The programme aims to have a ‘platform’ which will consist of shared observations, modelling and integration activities which is utilised by the programme as a whole. Proposals should lay out, in addition to the novel science that they plan to undertake, what element of their proposals they would see being embedded as part of the programme platform. The integration activities can include both sharing of research activity for different purposes (e.g. observations, measurements and other data) and coordination of activity (e.g. QA/QC between labs, agreed spatial and temporal resolution, same range of chemicals, common timetable, use of the same models, etc.). It is anticipated that the programme will utilise existing and develop new instruments to undertake long term measurements. It may also undertake intense observational campaigns during the lifetime of the programme.
The programme has been defined in terms of four science themes. Proposals can cut across multiple themes and are not expected to cover every element of each theme. The themes are embedded within the overall programme platform, as mentioned above. The programme will support a number of projects which will undertake scientific research on different aspects of pollution in Delhi relating to one or more of the themes outlined below.
1) Emission Validation and Sources
2) Processes Physical and Chemical
3) Exposure validation and Helath Outcomes
4) Mitigations and Interventions
Application Process For Initial Proposals:
The closing date for initial proposals is 16:00 UK time 10 December 2015. No proposals can besubmitted after this time. Proposals will need to be submitted through the Joint Electronic Submission (JeS) system. The JeS call name is “Atmospheric Pollution andHuman Health in an Indian Megacity DEC15”.There will be a single joint UK-Indian applicationthrough JeS which will be shared with ESSO-MoES and DBT.Applications must be completed in English.UK grants are funded at 80% Full Economic Costing (FEC).It is very important to note that from January 2015, NERC has updated its position on adherence togrant rules10. Applicants should ensure that their proposal conforms to all eligibility and submissionrules, otherwise their proposal may be rejected without peer review. More details on NERC’s submission rules can be found in the NERC research grant and fellowships handbook and in thesubmission rules on the NERC website.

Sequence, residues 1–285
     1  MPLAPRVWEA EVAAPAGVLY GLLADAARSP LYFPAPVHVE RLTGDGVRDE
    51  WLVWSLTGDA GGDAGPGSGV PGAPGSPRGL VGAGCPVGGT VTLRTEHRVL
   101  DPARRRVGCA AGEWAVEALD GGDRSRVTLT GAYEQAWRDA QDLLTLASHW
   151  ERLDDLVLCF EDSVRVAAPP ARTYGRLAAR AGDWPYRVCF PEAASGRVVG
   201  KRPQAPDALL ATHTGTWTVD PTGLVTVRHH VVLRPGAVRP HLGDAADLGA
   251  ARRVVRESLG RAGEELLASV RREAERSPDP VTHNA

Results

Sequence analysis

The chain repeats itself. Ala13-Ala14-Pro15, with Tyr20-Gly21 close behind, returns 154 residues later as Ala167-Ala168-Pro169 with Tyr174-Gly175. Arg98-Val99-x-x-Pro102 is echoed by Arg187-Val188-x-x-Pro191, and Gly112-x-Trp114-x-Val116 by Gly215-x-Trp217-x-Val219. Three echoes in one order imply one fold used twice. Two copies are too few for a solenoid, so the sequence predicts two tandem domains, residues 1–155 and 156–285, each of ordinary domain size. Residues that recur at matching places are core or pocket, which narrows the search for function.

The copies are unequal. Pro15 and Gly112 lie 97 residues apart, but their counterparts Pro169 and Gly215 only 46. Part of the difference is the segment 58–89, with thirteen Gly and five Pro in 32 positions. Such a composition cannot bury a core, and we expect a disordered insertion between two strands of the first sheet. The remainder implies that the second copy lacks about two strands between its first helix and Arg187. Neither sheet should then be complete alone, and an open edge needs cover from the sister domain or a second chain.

UK/Indian researchers may be named on a maximum of two different proposals, but on only one as the lead Principal Investigator. This is across the call as a whole, and not restricted to individual themes. Proposals with individuals listed on more than two will be rejected. An Indian researcher can participate only in one funded proposal and thus in the event of a researcher being awarded two proposals, he/she will have to withdraw from one. For UK researcher eligibility, please refer to section C of the NERC Research Grants Handbook11. Indian researchers from the Government institutes including Indian Institute of Technology, Indian Institute of Sciences, Government laboratories, Universities, Academic institutions, and other related institutes are eligible to apply.
- Call for initial proposals released September 2015
- Call for initial proposals closes 16:00 10 December 2015
- External peer review December 2015 – March 2016
- Moderating Panel March 2016
- Integration Meeting May 2016
- Full proposal deadline July 2016
- Panel August 2016
- Award grants August 2016
- Grants start December 2016
For more information please visit the Link